Can Reddit Write Legislation, Too? Proposes The 'Free Internet Act'

from the what-can't-it-do... dept

I have to admit that one of the more fun aspects of watching what has happened over the past few months with the SOPA/PIPA debate is watching the Reddit community jump on this issue… and evolve with it. The thing with the Reddit community isn’t just it’s sheer power as a large group of people who are more than willing to stand up for what they believe in, but their willingness to take on big challenges that most people would back away from. Not all of them work out, but as a community, they like to really jump into things and aim high. Such is the situation with the proposed plan to write a piece of legislation, The Free Internet Act, on Reddit. As an observer of these things, a reasonable first reaction is to chuckle a bit at what seems like a combination of both hubris and naivete that an online community (mostly of political novices) can create a reasonable piece of legislation. But… then you think of what else Reddit has done, and you begin to realize that if it can somehow pull this off — or at least influence the debate in a positive way, this could be amazing (even if it’s a long shot).

A specific sub-Reddit has been set up, where different people are discussing different thoughts on what such a bill might include and other issues related to the bill’s central concept: guaranteeing a free internet.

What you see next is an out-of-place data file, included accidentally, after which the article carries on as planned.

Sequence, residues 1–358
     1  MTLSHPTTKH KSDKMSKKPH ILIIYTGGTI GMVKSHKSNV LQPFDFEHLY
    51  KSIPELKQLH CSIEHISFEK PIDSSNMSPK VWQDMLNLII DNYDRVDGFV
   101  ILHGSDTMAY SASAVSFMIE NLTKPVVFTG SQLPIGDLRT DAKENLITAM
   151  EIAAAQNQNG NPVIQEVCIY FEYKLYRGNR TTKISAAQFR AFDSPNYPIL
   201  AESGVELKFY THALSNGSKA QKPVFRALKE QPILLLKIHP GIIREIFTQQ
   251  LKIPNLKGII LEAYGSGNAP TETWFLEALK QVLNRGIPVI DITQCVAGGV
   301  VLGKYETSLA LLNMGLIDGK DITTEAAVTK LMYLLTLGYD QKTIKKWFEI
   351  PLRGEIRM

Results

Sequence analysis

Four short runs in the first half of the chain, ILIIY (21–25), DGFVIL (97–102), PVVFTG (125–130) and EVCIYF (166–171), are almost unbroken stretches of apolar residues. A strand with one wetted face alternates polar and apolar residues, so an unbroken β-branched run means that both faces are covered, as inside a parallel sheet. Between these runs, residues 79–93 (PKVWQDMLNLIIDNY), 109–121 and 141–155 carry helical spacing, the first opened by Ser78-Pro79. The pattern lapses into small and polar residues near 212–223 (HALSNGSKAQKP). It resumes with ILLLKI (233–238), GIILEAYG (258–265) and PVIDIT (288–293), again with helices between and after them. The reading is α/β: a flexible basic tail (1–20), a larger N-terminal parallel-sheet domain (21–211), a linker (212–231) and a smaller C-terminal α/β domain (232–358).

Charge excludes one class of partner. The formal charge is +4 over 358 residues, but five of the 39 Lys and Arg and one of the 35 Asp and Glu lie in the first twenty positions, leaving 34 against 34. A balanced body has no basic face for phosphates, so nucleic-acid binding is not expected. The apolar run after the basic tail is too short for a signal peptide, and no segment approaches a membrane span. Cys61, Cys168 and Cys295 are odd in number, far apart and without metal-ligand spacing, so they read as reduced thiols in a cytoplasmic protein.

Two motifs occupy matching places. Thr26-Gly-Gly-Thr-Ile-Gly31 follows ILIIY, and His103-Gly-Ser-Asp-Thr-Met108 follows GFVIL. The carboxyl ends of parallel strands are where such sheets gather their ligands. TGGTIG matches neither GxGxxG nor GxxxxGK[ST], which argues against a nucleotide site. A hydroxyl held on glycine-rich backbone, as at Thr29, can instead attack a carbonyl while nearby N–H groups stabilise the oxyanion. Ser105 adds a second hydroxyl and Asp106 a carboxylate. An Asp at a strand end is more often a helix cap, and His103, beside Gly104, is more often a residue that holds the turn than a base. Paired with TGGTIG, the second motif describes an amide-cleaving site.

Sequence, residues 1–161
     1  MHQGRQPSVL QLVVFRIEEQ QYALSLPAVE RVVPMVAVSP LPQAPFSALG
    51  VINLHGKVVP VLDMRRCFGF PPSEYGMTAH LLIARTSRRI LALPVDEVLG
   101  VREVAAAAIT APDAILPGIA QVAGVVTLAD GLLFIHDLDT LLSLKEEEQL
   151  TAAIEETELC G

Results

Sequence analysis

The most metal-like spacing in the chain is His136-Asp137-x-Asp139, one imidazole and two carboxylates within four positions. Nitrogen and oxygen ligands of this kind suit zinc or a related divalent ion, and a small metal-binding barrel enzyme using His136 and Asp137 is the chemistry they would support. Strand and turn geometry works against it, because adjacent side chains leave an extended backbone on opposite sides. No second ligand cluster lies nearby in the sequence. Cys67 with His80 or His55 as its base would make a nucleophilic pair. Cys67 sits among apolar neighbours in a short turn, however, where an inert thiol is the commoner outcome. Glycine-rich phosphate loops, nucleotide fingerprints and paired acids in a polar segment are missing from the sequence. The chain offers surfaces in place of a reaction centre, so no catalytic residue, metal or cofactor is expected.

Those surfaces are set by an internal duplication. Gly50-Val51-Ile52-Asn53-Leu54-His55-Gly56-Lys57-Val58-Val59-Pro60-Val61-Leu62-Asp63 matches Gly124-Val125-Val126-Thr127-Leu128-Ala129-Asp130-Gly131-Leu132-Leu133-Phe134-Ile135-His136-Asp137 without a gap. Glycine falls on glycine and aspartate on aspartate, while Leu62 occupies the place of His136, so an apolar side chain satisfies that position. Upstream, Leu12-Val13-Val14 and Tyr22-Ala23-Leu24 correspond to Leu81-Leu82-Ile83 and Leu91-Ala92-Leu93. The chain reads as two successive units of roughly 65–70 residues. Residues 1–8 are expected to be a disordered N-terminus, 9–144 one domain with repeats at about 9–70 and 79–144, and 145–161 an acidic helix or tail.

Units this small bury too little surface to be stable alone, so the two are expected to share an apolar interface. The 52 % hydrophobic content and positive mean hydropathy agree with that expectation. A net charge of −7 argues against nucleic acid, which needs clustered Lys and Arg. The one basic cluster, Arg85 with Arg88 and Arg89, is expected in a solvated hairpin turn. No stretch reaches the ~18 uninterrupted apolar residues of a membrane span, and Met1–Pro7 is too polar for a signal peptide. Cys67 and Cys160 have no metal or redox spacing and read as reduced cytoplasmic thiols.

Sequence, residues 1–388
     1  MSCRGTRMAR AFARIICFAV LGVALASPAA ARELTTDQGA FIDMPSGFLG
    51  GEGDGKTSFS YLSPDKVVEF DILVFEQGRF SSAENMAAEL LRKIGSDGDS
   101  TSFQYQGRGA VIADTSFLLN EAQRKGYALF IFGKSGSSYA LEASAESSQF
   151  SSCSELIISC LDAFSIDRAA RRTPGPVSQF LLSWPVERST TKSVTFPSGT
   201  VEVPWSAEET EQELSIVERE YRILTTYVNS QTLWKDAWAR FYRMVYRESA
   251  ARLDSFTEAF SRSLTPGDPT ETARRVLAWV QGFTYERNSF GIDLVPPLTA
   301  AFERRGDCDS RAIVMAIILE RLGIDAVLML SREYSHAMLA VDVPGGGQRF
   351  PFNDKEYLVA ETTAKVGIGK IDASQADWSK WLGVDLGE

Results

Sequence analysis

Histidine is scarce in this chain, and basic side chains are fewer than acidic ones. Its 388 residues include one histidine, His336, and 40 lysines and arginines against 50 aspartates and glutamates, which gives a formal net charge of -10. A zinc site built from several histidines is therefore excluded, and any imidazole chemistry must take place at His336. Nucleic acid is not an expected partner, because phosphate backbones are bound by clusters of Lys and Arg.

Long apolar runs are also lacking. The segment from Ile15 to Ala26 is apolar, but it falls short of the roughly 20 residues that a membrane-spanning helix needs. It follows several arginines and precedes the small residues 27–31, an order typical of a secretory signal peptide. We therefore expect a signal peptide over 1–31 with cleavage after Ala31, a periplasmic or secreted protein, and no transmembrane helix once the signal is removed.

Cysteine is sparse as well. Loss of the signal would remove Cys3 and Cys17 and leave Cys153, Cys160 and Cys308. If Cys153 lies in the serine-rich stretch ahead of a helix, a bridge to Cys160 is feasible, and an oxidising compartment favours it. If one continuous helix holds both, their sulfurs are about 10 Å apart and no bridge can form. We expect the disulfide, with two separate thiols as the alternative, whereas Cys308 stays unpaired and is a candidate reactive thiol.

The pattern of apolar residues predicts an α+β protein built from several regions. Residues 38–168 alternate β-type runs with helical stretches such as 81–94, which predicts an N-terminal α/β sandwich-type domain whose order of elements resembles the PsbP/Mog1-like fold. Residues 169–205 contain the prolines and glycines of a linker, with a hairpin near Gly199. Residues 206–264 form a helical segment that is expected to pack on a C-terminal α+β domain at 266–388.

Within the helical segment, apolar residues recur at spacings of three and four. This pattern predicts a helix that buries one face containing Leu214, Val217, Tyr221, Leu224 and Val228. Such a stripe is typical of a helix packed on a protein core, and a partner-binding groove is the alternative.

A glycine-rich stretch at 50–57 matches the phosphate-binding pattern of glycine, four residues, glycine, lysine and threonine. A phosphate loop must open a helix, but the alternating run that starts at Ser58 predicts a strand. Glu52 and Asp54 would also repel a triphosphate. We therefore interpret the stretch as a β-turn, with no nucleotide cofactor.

Again, there’s a big hill to climb here to make this into any sort of reality, but there’s something really amazing and compelling about this self-forming group taking the initiative to try to not just drive the debate, but to actually craft legislation that would protect internet freedom. As much as I’ve been impressed by the process of the Wyden/Issa proposed OPEN bill, in which they put it up on a platform that allowed the public to crowdsource thoughts on a bill, they still started with a bill suggested in Congress. What happens when a bill is crowdsourced from scratch? Possibly nothing at all, but as an experiment, it will be fascinating to watch…

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Comments on “Can Reddit Write Legislation, Too? Proposes The 'Free Internet Act'”

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56 Comments
Loki says:

The thing is, there are a lot more people with a good deal of political experience on Reddit than many people realize. Many of them have left politics simply because they were so disgusted by the process it has become.

I don’t really think it’s hubris nor naivete, but people who realize they can’t/couldn’t change the system from within now setting up competition to that system.

weneedhelp (profile) says:

Preamble

The Conventions of a number of the States having at the time of their adopting the Constitution, expressed a desire, in order to prevent misconstruction or abuse of its powers, that further declaratory and restrictive clauses should be added: And as extending the ground of public confidence in the Government, will best insure the beneficent ends of its institution.

We have reached this point again.

Greevar (profile) says:

Re: Free internet you say?

Are you suggesting we find a technical solution that prevents harm instead of forming a law that only punishes the bad actors after they’ve done harm? Crazy!

You’ve got the right idea there. Laws are mostly worthless because they require public support. If people don’t support the law, it may just as well be a recommendation. Laws will only be effective as the number of people that abide by them. A law that is supported by only 1% of the people it applies to will only be 1% effective and there isn’t a single law that is 100% effective (meaning that law is never broken).